Homeschooling When It’s Harder Than You Bargained For
When we begin home- schooling, we can’t al- ways foresee that inevita- bly there will be months,
perhaps even years, that threaten to sink
us. We start with a plan, whether it’s a
preorganized and carefully controlled
curriculum or an eclectic mix we’ve
pieced together ourselves with our children’s strengths and weaknesses in mind.
We design our days to give us the most
bang for our buck, stacking schoolwork
together in the morning to get it all done
and to leave us room for the non-nego-tiables such as laundry and meal prep or
the fun stuff like dance lessons and sports
teams. Once we get in a groove, our school
days can run like a well-oiled machine.
And then life unfolds.
I had been officially homeschooling for
one year when I became pregnant with
our fourth child and the sixteen weeks of
unrelenting morning sickness kicked in.
I would fill big Tupperware bowls with
Cheerios and leave them on the floor of
my bedroom so my kids could feed them-
selves breakfast while watching Sesame
Street. I couldn’t muster the strength to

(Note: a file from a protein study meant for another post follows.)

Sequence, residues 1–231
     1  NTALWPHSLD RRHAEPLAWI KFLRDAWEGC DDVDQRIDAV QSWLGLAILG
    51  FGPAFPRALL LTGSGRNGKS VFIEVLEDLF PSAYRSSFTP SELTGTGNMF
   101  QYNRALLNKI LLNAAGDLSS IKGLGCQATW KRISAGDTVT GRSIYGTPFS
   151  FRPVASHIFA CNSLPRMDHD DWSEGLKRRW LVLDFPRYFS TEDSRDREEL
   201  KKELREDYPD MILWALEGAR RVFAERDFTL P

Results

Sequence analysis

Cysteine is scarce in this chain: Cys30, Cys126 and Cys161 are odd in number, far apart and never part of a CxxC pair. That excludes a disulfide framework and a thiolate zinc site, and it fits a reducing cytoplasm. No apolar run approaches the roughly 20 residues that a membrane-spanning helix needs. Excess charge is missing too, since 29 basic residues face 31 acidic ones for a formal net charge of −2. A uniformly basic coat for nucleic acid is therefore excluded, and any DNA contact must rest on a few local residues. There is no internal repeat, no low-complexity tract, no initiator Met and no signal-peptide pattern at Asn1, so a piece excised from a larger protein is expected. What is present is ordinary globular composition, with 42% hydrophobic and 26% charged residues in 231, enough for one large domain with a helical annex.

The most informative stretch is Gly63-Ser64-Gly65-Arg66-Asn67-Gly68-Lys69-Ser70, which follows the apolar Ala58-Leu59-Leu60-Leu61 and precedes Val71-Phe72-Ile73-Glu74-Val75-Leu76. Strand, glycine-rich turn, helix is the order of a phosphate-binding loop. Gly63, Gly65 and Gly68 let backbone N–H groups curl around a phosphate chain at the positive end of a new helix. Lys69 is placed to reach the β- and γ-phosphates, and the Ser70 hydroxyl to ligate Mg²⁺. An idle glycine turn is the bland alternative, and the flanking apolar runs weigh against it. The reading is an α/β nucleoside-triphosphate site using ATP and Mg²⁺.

get out of bed, day after day, week after
week. Still, school had to happen. Life was
progressing with or without me, no mat-
ter how many times per day I found my-
self crouched over the toilet.
In the toughest, most
trying times, when we
feel we cannot possibly
do what God is calling
us to do, He refashions,
A child who screamed for the first fifteen months of her life. A coyote attack
on our chicken coop. A baby in a coma.
An accident involving our twelve-pas-senger van and a 5-year-old. A ruptured
appendix and three weeks in the hospital. I’m not waxing poetic or pulling examples out of my imagination; these are
the events that have marked the fourteen
years of our homeschooling. These are
the real experiences that occurred when
we least expected them and always by the
grand sovereign design of the One Who
loves us most.